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There are times when a using a polarizing filter is a bad idea.
Yes, I just blasphemed against the gods of landscape photography. Not using a polarizing filter for landscape shooting could be considered sacrilegious in some circles, and indeed, I myself have written ad nauseam about the importance of this simple yet powerful photographer’s tool.
However, today I’m going to selectively contradict myself.
Because while a circular polarizing filter can hugely improve your photographs in most outdoor photography situations, there are times when leaving that shady piece of glass off the lens can actually give better results.
And that’s what this article is all about!
So if you’re ready to learn all about the times you should keep your polarizer packed away…
…let’s get started.
A polarizer reduces reflected light before it enters your lens.
Note that a polarizing filter can be turned by hand to engage or disengage the polarizing effect. This is useful for shooting reflective surfaces such as water, glass, wet rocks, and cars.
Most of the time, you want to control those reflective surfaces and reduce the glare of reflected light. But what if you like that super wet look and glare on certain surfaces?
Let me give you some examples where I felt that not using a polarizer actually made for a better image.
For the image above, I decided to remove my polarizer.
And here’s why:
Because the reflected light on the wet rocks in the foreground had a distinct red color, which I really liked.
Using a polarizer would have reduced this red reflected light and would have made for a less dramatic image.
When taking this image, I found that the wet rocks had lovely highlights that caused a soft glare from reflected sunlight.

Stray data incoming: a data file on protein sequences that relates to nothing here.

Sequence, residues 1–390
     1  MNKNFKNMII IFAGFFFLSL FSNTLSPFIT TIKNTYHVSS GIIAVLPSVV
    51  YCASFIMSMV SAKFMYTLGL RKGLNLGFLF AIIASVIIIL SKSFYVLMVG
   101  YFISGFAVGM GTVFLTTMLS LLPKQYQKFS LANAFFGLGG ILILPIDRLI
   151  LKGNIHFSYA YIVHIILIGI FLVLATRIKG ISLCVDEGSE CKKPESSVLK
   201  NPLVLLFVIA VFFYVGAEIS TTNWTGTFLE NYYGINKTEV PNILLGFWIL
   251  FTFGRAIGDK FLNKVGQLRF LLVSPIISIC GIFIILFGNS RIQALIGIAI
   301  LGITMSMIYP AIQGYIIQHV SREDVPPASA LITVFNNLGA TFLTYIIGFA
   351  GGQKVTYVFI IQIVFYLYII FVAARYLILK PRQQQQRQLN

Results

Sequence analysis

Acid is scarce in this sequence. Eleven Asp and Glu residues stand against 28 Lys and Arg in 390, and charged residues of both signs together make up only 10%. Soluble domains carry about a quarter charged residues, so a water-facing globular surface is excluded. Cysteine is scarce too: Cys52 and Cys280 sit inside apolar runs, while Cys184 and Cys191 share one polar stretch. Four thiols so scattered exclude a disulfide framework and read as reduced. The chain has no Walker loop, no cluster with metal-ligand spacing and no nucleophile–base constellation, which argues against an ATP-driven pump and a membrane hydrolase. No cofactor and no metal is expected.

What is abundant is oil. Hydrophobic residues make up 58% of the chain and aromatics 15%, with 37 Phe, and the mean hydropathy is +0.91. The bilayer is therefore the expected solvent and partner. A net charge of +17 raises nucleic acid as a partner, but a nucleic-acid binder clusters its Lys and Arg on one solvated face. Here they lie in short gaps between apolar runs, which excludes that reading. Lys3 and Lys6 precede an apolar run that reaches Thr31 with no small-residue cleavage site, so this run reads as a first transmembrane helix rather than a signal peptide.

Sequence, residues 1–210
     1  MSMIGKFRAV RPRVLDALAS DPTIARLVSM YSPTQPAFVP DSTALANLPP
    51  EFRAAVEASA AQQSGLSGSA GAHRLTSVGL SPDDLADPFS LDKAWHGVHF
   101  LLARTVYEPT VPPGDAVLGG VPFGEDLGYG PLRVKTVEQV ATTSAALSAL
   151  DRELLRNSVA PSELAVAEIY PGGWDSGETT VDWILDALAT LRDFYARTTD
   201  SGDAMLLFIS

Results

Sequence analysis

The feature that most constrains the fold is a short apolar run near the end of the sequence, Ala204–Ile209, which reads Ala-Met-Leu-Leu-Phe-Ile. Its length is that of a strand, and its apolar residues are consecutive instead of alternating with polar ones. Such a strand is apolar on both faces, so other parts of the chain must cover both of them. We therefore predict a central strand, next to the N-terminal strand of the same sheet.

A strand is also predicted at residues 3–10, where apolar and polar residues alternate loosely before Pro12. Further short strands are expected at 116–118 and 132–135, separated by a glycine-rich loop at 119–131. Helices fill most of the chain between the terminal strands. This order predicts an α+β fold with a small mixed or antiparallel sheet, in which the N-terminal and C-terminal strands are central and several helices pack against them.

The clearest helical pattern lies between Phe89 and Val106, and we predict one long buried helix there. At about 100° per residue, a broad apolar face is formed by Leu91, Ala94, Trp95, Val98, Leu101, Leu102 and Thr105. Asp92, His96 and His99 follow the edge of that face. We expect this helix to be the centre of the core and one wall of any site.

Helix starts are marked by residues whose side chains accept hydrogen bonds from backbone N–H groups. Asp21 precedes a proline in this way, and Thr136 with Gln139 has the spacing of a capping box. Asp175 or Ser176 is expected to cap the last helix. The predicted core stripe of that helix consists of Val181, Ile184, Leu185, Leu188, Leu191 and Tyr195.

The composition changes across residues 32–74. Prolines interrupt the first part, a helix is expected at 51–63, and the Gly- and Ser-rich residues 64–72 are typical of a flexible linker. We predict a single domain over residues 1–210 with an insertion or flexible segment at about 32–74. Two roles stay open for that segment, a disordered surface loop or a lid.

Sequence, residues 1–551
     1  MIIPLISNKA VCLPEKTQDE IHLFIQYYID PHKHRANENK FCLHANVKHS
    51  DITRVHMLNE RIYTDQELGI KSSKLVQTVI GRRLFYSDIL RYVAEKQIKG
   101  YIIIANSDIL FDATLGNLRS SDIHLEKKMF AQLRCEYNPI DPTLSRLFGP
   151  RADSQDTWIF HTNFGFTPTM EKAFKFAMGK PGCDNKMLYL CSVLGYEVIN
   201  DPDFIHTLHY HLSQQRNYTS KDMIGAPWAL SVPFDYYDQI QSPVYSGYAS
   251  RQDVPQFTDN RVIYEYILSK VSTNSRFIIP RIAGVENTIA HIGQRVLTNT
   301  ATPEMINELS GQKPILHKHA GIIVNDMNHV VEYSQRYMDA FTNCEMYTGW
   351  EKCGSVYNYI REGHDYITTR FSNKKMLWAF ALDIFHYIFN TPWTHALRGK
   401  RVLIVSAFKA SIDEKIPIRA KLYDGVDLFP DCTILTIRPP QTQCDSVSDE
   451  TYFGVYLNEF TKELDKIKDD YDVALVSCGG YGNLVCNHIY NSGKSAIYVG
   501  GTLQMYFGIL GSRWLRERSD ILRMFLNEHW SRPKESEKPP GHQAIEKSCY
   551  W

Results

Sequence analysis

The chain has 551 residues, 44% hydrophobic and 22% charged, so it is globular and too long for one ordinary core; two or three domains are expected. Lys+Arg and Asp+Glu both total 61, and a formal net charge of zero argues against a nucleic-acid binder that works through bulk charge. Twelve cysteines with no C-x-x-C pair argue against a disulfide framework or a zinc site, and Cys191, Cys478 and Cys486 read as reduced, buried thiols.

Even though the highlights didn’t really have any dramatic color, I still felt that the wet look made for a better image, so I opted not to use the polarizer.
You see, when the sun has gone down and it’s starting to get dark, there’s little point in using a polarizer for a scene like this.
The only wet surfaces that could cause glare were the leaves in the foreground, and the light was so dim that there was no glare at all.
When you’re photographing at night, you want to get as much light as possible into your lens.
So if you’re shooting in the dark, do yourself a favor and remove the polarizer.
When capturing the full moon shot above, the polarizer would only have served to slow down my shutter speed.
Here’s where you want the best of both worlds.
Let’s say you like the look of your image with the polarizer on. Your colors are nicely saturated and all of the glare has been reduced from the surfaces, but you’re annoyed to see that the lovely reflections in the water have either vanished or diminished.
What do you do?
The simple answer is to take two shots – one with the polarizer engaged and another without the polarizer.
Then you can blend the two exposures in Photoshop and take the best elements from each.
For the shot above, I really enjoyed the look of the reflected waterfall in the pool, so I took two shots with different polarizer settings and then combined them.
I’m sure I’ll be corrected by our more well-educated readers, but from a polarizer’s standpoint, a rainbow is reflected light.
So if your polarizer is engaged, the rainbow will perform a disappearing act in your photo.
Disengage or remove the polarizer and – presto! – the rainbow will be back in your photograph.
As I mentioned at the start of this article, a polarizer is a key landscape photography tool.
In fact, if I leave the house and forget my polarizers, I’ll actually turn around and drive home; they’re that important.
At the same time, I urge you to learn when conditions call for the removal of your polarizer.
And I hope this article helps you identify those golden moments so that you can get the best possible shots!
Now over to you:
Do you use a polarizing filter? How often? Are there times when you prefer to go without it? Share your thoughts in the comments below!